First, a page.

pipe proposal  as not complying with
pollution abatement regulations.

April 28,  1971
October 25, 1971
February 2,  1972
April 1973
*June 15, 1973
* August 24, 1973
^January 1974

* March 13.  1974

* April 1974

* April 19,  1974

April 20,  1974

April 22,  1974

*May 8,  1974

June 4, 1974

June 9, 1974

August 3, 1974
EPA recommends building a pilot plant
to determine methods for and costs
of filtering Duluth's drinking water,
and initiates an Inter agency Agreement
for COE to build the plant at Duluth's
water intake and to provide add-on units
in the interim for use in fire stations
and schools.

Duluth fire stations begin distributing
filtered drinking water.

Filtration units are supplied to all
Duluth schools.

EPA rules that Duluth water is unfit
for interstate use as drinking water.

U. S.  District Court orders COE to
supply filtered drinking water to Duluth
and other affected communities.

U. S.  District Court orders Reserve to
cease dumping tailings into the Lake.
Reserve shuts down.

8th Circuit Court of Appeals stays the
order until a hearing can be held.
Reserve re-opens.

Duluth approves ordinance requiring
restaurants to post notices whether or
not their water is filtered.

8th Circuit Court of Appeals continues
the stay for 70 days, based on May 15

The U.S. Supreme Court denies  an
appeal by the State of Minnesota.

The U.S. District Court rejects
Reserve's compliance plan as  unreason-
^Relate solely to the Duluth water supply problems.   Others relate
to the Reserve case or to activities relevant to both matters.

October 18, 1974
^January 23, 1975
March 14,  1975
*May 1975
^December 1975
October 28, 1976
 "November 29,  1976
May 26,  1977
April 8,  1977
U. S. District Court rules Reserve to
be in violation of the Refuse Act and
Minnesota's air pollution control regu-
lations and permit requirements.
Decision is appealed by Reserve.

EPA and COE release studies
recommending a new water filtration
plant for Duluth.

8th Circuit Court of Appeals finds
Reserve in violation of Minnesota air
pollution control laws, Section 1160 of
the 1970 Federal Water Pollution
Control Act,  and the Refuse Act.
Court orders Reserve to initiate appro-
priate abatement activities.

U. S. Congress and the State of
Minnesota approve $4  million and $2. 5
million,  respectively, for construction
of Duluth filtration plant.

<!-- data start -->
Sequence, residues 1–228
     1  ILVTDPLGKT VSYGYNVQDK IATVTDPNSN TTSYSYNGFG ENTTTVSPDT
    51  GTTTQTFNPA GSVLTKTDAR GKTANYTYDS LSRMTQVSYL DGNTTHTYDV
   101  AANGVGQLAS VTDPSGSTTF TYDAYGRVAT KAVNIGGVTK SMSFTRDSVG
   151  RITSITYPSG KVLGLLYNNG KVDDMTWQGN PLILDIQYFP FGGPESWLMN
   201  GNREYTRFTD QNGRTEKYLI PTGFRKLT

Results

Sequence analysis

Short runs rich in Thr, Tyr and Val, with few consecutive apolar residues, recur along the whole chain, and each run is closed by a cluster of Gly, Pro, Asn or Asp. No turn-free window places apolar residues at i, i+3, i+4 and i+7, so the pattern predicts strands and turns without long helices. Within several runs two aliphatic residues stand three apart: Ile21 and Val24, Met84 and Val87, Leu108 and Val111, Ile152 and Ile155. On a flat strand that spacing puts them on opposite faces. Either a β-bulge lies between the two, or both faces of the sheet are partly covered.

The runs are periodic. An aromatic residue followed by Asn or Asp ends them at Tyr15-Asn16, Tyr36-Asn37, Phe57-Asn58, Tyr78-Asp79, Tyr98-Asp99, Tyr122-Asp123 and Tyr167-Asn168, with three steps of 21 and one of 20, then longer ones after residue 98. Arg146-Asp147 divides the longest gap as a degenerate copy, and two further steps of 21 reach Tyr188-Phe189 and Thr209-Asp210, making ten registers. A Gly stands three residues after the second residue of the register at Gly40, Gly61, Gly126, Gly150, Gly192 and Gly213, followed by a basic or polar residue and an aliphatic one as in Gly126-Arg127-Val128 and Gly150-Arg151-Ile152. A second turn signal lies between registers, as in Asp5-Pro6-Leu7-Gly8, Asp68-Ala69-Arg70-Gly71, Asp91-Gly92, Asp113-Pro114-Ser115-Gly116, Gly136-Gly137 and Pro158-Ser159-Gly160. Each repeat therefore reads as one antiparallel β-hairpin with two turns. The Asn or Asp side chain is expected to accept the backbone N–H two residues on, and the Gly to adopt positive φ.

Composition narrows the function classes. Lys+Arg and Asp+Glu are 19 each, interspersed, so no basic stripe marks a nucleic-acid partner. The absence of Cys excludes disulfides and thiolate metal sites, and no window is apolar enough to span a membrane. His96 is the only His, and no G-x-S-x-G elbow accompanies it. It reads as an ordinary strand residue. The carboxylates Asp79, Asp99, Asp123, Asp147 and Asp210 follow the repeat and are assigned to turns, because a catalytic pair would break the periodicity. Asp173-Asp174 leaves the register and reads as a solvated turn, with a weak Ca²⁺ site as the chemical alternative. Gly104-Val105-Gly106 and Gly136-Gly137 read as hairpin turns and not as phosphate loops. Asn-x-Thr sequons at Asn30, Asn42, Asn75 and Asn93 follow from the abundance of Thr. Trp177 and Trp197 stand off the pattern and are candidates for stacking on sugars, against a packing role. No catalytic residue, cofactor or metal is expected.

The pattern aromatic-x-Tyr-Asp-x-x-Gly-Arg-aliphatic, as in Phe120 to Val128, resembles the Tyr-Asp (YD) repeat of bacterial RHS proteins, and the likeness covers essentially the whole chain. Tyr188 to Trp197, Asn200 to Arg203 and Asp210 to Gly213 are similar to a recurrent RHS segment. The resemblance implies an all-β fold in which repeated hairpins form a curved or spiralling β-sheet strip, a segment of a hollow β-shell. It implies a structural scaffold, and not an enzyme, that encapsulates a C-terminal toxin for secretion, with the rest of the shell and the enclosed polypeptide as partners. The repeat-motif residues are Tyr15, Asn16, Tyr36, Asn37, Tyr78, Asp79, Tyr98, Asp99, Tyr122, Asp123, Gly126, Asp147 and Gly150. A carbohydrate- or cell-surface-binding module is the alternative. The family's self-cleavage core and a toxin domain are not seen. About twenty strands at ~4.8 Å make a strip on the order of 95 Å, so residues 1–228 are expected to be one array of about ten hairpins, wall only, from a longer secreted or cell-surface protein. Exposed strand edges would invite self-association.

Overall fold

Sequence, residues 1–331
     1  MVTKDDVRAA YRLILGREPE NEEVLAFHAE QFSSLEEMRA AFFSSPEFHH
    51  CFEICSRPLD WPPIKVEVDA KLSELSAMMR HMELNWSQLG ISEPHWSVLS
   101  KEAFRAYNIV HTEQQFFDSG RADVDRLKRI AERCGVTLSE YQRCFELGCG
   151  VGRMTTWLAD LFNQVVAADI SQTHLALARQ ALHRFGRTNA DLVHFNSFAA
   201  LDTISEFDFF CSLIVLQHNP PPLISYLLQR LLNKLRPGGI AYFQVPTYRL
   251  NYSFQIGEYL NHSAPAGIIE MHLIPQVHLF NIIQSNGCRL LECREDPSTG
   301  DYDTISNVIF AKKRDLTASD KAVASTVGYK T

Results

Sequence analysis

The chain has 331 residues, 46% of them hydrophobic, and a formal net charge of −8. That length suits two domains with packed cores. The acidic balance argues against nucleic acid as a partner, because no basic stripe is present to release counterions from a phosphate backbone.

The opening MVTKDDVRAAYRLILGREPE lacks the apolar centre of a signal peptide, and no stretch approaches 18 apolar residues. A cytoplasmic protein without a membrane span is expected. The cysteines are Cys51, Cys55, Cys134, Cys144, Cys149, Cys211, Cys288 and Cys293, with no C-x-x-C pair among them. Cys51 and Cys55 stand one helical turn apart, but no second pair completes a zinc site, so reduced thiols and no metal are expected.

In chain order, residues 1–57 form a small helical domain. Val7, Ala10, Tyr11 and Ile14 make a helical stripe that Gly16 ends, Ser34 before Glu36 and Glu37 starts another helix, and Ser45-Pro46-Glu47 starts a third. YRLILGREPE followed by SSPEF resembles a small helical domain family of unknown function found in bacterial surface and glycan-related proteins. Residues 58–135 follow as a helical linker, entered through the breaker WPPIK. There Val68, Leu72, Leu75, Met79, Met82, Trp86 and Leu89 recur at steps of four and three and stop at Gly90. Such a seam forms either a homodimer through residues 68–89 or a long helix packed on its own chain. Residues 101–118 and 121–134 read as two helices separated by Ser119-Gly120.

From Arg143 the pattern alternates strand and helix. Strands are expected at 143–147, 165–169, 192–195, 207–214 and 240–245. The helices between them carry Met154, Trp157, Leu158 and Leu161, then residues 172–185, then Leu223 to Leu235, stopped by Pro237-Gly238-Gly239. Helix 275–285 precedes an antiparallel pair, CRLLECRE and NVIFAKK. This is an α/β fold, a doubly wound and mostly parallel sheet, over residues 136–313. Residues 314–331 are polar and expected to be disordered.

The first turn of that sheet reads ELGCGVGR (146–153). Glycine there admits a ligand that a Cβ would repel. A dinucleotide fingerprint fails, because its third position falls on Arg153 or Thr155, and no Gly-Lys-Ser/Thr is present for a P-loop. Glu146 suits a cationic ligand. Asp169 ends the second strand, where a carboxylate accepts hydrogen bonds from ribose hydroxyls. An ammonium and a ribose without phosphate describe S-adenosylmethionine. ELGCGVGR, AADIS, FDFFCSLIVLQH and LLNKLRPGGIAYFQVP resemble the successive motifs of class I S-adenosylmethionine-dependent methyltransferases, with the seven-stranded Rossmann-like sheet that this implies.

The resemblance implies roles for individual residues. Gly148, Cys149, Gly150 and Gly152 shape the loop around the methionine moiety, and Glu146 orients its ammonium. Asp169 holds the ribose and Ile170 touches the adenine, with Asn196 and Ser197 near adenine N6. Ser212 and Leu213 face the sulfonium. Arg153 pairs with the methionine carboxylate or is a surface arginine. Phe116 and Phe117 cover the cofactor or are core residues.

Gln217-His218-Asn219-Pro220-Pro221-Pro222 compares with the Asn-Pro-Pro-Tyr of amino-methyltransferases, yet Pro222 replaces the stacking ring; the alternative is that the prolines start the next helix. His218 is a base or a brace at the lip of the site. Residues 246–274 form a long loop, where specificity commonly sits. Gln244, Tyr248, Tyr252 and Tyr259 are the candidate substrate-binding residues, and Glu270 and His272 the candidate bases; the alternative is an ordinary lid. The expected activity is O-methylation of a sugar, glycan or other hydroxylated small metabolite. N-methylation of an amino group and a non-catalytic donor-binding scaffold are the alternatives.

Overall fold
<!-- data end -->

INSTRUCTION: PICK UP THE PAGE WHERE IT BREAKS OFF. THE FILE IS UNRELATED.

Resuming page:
Duluth1 s mayor announces a $3 million
COE program to provide free drinking
water to residents until the filtration
plant begins operating.

8th Circuit Court of Appeals imposes
fines and penalties against Reserve.

Duluth water filtration plant, only
facility of its kind in the United States,

U.S. District Court issues order per-
mitting Reserve to discharge tailings
into Lake Superior, so long as the
company remains on an established
schedule of compliance with water pol-
lution abatement requirements.

Minnesota Supreme Court affirms  a
lower court ruling that Reserve can use
on-land disposal of wates 7 miles up the
railroad line from Silver Bay,  and sets
^Relate solely to the Duluth water supply problems.  Others relate
to the Reserve case or to activities relevant to both matters.

                           forth conditions under which the
                           permits are to be issued.

June 1977                  Reserve begins a 3-year project to
                           phase out dumping wastes in Lake
                           Superior and deposit them 7 miles

November 1, 1977          Minnesota Supreme  Court rules on
                           Reserve's petition for clarification
                           of terms governing permits relating to
                           air emission controls  and orders State
                           agencies to issue the permits within
                           10 days.

February 7,  1978           Minnesota Supreme  Court hears  argu-
                           ments by Reserve that permits should
                           be issued as previously ordered.
                           Minnesota Pollution Control Agency
                           argues  that monitoring conditions are
                           inadequate to protect public health and,
                           thus, the permits should be withheld.


    Because the Duluth water-supply problem involved more than reg-

ulatory issues, agencies and laws authorizing assistance appropriate

to the situation are also included. Laws germane to the violations by

Reserve  are cited.


    Environmental Protection Agency

Federal Water PoUution Control  Act (FWPCA) (1965)

    o  Establishes  Federal-State water quality standards and authorizes

       river basin plans for meeting such standards.

FWPCA Amendments (1972)

    o  Establishes a national policy of non-degradation of water quality

       in primitive  areas.


    o Requires State plans for achieving water quality.
       fStates issue implementing regulations]
    o Establishes the National Pollution Discharge Elimination
      System (NPDES) permits.  Conditions not described in
      effluent guidelines may be incorporated to resolve special
    o Provides for suits to restrain polluters from discharges in
      the event of imminent and substantial risks to health and
FWPCA Amendments (1977)
    o Authorizes assistance in emergencies involving release of
      contaminants and establishes a fund for this purpose.
Clean Air Act (1970)
    o Requires State Implementation Plans  to achieve primary and